A Novel Particle Swarm Optimization Algorithm for Multi-Objective Combinatorial Optimization Problem

A Novel Particle Swarm Optimization Algorithm for Multi-Objective Combinatorial Optimization Problem

Rahul Roy (KIIT University, India), Satchidananda Dehuri (Fakir Mohan University, India) and Sung Bae Cho (Yonsei University, South Korea)
Copyright: © 2011 |Pages: 17
DOI: 10.4018/jamc.2011100104
OnDemand PDF Download:
No Current Special Offers


The Combinatorial problems are real world decision making problem with discrete and disjunctive choices. When these decision making problems involve more than one conflicting objective and constraint, it turns the polynomial time problem into NP-hard. Thus, the straight forward approaches to solve multi-objective problems would not give an optimal solution. In such case evolutionary based meta-heuristic approaches are found suitable. In this paper, a novel particle swarm optimization based meta-heuristic algorithm is presented to solve multi-objective combinatorial optimization problems. Here a mapping method is considered to convert the binary and discrete values (solution encoded as particles) to a continuous domain and update it using the velocity and position update equation of particle swarm optimization to find new set of solutions in continuous domain and demap it to discrete values. The performance of the algorithm is compared with other evolutionary strategy like SPEA and NSGA-II on pseudo-Boolean discrete problems and multi-objective 0/1 knapsack problem. The experimental results confirmed the better performance of combinatorial particle swarm optimization algorithm.
Article Preview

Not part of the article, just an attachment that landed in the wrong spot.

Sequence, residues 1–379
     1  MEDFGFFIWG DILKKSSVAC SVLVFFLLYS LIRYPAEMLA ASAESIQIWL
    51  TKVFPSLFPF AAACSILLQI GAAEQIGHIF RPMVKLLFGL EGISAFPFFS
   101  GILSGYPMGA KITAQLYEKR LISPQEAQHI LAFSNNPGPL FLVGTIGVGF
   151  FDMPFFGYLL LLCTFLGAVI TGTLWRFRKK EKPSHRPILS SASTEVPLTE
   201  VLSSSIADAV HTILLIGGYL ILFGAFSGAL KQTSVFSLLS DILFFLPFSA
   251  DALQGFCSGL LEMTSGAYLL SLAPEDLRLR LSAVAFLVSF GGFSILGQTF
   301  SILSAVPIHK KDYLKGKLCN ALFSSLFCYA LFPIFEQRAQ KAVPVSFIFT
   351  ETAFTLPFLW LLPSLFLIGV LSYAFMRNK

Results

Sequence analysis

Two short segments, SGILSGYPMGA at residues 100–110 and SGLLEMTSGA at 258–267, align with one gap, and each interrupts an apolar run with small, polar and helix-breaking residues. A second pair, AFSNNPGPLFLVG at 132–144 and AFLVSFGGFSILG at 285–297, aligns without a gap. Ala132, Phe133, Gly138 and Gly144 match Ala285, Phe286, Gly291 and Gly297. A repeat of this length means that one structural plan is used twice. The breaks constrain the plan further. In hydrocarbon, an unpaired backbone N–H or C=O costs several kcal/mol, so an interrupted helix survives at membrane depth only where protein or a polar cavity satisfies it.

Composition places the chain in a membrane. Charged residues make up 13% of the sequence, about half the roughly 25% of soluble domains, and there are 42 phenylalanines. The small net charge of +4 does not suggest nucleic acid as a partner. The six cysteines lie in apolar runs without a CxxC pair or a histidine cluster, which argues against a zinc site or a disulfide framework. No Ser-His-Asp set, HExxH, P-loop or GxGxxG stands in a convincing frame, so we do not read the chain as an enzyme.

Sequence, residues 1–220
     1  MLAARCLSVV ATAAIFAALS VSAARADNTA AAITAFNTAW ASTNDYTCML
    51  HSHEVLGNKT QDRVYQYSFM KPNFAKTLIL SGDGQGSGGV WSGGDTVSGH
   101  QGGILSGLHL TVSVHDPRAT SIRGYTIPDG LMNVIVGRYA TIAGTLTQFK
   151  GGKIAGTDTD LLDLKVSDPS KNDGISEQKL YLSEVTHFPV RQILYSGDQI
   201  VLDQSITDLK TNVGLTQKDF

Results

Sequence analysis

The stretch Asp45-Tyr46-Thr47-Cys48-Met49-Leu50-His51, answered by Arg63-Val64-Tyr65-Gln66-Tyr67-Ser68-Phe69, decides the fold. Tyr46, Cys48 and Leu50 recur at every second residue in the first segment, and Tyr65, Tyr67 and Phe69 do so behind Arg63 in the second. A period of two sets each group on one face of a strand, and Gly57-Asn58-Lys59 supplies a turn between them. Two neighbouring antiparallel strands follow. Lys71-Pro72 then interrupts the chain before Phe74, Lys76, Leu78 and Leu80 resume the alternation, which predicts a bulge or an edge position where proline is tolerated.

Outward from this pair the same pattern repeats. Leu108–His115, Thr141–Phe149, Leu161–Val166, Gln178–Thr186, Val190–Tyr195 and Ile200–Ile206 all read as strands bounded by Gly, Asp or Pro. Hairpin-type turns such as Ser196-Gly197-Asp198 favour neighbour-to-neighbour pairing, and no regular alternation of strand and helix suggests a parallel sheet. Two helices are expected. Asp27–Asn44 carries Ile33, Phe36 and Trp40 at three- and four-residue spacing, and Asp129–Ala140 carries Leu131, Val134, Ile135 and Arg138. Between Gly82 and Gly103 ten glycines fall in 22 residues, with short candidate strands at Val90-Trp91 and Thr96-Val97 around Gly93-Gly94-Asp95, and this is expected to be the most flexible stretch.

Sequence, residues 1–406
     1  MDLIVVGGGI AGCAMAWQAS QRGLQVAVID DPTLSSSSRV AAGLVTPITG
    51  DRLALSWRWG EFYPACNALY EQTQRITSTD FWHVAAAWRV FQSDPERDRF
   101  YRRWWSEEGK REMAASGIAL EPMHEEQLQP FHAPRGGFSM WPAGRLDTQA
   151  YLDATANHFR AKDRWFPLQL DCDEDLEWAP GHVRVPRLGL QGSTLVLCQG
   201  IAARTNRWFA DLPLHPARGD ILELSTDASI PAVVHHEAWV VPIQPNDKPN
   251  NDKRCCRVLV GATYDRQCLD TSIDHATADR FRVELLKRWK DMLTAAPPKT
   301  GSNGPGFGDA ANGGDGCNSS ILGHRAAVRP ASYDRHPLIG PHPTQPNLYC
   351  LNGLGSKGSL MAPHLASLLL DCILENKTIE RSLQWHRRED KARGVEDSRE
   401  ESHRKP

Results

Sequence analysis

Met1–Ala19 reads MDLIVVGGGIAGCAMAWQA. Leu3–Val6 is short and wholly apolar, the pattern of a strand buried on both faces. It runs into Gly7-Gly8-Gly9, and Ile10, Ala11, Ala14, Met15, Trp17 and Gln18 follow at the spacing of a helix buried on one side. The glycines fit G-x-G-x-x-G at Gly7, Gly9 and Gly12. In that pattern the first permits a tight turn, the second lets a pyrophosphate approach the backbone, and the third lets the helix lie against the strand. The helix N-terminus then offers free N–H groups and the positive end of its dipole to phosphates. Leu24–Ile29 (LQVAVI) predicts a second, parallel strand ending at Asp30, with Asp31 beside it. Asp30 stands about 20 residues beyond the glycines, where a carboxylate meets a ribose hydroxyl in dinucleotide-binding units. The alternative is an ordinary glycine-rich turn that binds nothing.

Many real world decision making problems involve discrete and disjunctive choices, i.e., such problems’ solution can be either represented by 0/1 (represented as yes/ no) or an integer number. These problems are known as combinatorial problems. When these problems are modelled with more than one conflicting objectives and constraints, which need to be satisfied for finding optimal solutions, such problems are called multi-objective combinatorial optimization (MOCO) problems. Garey and Johnson (1990) showed that the decision making problems are intractable in nature. In case of such problems, the use of exact methods that guarantee generation of exact Pareto-optimal solutions may be not possible because of computational requirements of the methods. To solve such problems, many meta-heuristic algorithms have been found in the specialized literature (Zitzler & Thiele, 1998; Deb, Pratap, Agrawal, & Meyarivan, 2002; Jaszkiewicz, 2000). These algorithms aim at effective generation of subset of Pareto-optimal solutions which is an approximate representation of the whole Pareto set. Laumanns et al. (2002) compared the performance of multi-objective evolutionary algorithms on the pseudo-Boolean functions. In this comparative study, they analyzed the running time of the evolutionary based algorithms. Jaszkiewicz (2000) proposed multi-objective genetic local search algorithm and evaluated the performance with the multi-objective 0/1 knapsack problem. Zitzler et al. (1999) implemented some of the state-of-the-art combinatorial optimization problems with multi-objective genetic algorithm. Later Grosan et al. (2003) proposed a multi-objective evolutionary algorithm based on Є-relation for solving multi-objective 0/1 knapsack problem.